Supplement Feature - February 2008
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A Perfect Storm

Are Water and Air Quality on Your Radar Screen Yet?

By Joseph Ryan


While crypto has been a known threat for years, air quality at indoor pools is a relative newcomer to the list of concerns for recreational swimmers. The public worry on this issue shows no sign of dissipating as reports of air quality problems at pools across the country continue to crop up in the media.

"Indoor air quality has always been a concern within the industry, but there has been more attention brought to it in the public lately," Piper said.

Most notably, nearly 200 complaints of respiratory problems and rashes were reported by more than 600 adults and children who attended a large water theme park in Mason, Ohio, during the first three months of 2007.

The reports likely scared off some customers and brought in both federal and local heath officials, who repeatedly tested the air and water. The problems were believed to be caused by chloramines—a natural byproduct from chlorine interacting with organic compounds like human sweat, urine and skin.

When inhaled at high levels, chloramines—which include various known carcinogens—are known to induce asthma attacks in asthma sufferers, cause breathing problems for those without asthma and cause red, itchy eyes.

Chloramines in the air give off that acidic, sweet smell that swimming pool patrons may come to associate with chlorine. But that smell actually means there is not enough chlorine in the pool because chloramines are given off into the air when chlorine can't handle the amount of organic material in the water.

Whether air quality is a widespread issue or not remains unclear. Proper and efficient reporting standards of such outbreaks have not been streamlined like with crypto. At the same time, reports of air quality complaints are easy to come by. The CDC put out a special report on two, unrelated 2004 outbreaks in rural Illinois that affected several dozen people. In Nebraska on Christmas Day in 2006, one 6-year-old child had to be hospitalized overnight with a swollen throat and about two dozen others experienced breathing problems from an indoor hotel pool. Several of those complaining of issues had not even set foot in the water.

"The measurements in the pool were way out of whack," said Bryan Buss, a lieutenant commander of the U.S. Public Health Service who studied the outbreak. "That really spurred our interest."

While minor initial contact irritations with airborne chloramines are relatively common—and often easily treated once removed from the environment—there is conflicting data on whether or not there can be more lasting problems. Some studies have suggested a link between airborne chloramines and other chlorination byproducts and bladder or intestinal cancer. A groundbreaking study released in Europe suggested there was a direct link to childhood asthma.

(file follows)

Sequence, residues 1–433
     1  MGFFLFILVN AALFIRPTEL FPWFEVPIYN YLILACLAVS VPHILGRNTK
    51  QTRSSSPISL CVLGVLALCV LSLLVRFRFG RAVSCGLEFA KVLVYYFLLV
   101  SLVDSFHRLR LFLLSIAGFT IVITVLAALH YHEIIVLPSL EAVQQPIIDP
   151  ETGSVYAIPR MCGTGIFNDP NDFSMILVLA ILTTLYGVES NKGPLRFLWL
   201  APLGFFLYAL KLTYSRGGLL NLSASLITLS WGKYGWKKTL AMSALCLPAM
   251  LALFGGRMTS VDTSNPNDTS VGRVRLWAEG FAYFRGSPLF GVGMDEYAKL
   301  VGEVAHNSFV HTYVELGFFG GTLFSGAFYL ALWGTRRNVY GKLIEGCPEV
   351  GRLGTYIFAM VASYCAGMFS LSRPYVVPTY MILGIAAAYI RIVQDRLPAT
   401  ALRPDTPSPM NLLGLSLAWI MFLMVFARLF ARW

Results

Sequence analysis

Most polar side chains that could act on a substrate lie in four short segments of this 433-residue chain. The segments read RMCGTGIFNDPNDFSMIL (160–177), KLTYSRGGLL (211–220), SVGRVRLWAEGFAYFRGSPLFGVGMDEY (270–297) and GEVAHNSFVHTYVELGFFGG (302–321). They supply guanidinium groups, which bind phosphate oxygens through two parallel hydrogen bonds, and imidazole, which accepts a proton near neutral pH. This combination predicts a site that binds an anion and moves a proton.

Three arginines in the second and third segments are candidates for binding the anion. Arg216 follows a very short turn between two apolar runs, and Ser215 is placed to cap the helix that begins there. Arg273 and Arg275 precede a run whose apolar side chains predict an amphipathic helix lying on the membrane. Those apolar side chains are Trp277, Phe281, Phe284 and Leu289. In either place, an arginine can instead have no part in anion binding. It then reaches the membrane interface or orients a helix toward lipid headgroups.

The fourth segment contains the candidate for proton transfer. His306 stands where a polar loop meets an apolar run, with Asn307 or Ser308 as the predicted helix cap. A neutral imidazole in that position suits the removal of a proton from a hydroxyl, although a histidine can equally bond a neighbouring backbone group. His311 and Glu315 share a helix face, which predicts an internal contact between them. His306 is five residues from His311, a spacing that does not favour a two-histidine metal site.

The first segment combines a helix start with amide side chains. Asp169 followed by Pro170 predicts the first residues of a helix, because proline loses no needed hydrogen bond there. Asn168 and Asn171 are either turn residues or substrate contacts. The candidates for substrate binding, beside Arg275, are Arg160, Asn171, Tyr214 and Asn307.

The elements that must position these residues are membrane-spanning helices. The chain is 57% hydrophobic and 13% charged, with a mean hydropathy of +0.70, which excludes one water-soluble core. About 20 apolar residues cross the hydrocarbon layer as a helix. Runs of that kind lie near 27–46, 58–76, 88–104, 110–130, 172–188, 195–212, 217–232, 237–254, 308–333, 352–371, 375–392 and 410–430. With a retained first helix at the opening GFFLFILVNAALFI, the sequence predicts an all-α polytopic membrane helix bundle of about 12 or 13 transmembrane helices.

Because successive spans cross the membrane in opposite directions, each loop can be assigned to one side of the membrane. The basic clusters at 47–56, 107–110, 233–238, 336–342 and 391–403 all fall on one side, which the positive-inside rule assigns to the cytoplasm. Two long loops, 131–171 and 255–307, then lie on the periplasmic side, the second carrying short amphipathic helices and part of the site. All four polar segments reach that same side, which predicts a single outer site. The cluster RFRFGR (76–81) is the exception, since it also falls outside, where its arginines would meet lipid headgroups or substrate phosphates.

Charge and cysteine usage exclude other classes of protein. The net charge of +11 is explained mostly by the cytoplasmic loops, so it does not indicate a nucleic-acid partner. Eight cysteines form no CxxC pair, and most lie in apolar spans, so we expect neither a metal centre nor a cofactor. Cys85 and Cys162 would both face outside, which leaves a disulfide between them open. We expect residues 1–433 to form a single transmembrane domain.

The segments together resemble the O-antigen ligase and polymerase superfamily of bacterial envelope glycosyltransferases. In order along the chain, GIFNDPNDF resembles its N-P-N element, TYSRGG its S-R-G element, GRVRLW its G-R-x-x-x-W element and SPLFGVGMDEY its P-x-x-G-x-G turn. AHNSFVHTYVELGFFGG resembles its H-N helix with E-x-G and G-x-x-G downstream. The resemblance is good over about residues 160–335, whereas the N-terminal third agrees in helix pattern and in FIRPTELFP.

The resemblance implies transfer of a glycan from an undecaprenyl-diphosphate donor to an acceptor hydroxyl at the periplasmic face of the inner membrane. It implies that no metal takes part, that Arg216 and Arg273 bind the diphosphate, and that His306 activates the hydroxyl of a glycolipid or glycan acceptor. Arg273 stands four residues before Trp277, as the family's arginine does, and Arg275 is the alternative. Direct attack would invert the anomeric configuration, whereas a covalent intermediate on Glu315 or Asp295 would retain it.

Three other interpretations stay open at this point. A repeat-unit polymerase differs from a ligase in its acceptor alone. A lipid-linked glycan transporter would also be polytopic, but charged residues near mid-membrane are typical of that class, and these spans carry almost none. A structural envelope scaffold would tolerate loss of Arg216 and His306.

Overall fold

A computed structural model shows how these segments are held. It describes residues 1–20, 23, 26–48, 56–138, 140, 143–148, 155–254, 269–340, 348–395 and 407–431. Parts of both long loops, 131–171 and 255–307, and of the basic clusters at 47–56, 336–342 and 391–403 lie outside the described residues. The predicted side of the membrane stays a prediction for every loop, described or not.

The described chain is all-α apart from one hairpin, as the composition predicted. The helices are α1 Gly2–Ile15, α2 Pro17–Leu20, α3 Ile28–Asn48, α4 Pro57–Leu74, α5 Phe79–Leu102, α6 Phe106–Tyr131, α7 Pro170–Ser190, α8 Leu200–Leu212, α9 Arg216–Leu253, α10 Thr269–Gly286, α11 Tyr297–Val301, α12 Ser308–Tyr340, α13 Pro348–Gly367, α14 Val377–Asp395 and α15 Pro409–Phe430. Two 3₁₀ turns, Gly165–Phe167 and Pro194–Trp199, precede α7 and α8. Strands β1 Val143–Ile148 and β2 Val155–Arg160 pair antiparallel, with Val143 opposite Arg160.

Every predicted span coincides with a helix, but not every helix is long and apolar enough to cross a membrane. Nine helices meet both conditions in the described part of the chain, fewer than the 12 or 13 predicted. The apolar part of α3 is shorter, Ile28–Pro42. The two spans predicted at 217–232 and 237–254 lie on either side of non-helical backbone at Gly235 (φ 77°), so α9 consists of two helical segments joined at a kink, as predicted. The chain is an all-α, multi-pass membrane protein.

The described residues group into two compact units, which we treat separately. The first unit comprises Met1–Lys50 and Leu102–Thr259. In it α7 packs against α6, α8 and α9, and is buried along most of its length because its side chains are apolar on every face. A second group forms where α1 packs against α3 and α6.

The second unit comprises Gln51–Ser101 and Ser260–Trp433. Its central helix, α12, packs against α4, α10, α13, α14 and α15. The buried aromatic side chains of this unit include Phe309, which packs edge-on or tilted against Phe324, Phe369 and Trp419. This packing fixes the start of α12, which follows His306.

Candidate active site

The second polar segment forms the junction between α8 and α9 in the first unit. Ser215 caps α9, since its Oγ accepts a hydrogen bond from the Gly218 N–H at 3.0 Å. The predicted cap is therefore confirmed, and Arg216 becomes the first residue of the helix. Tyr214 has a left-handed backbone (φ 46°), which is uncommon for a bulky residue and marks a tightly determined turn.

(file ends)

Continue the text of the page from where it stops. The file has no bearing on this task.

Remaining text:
However, some experts strongly disagree that any long-term negative impacts have been proven.

"Some studies have raised suspicions, but generally when people have looked further they have found there is no real reason for health concerns in the United States," said Robert G. Tardiff, CEO of The Sapphire Group, a global health science risk management consultant group based in Maryland.

For now there are no pool-specific standards for air quality across the nation. Aside from traditional air quality building code standards, scientists are still working to find out what levels of specific chemicals make air dangerous for people and what levels are nothing to worry about. Experts, though, also believe that there will come a time, perhaps just five or 10 years down the road, when those standards will exist.

"It is not something that is going to happen tomorrow," Piper said. "But it is on the radar."

Meanwhile, an expert panel is set to release early this year the results of an industry-funded study on how much ventilation is necessary to keep an indoor pool facility safe for the swimming public. The project, now 18 months in the making, required the building of a model-size indoor pool for lab tests, and it is already gaining much attention across the industry.

"Everyone wants this information," said Coursin, who is heading the ASHRAE committee overseeing the project. "This research is garnering a lot of interest."

The study is expected to determine the amount of byproducts different pools spew into the air and the required ventilation frequency to remove them. The study material will be followed up with further research by other industry groups.

"This is an item that many segments of the industry should be concerned about," Coursin said.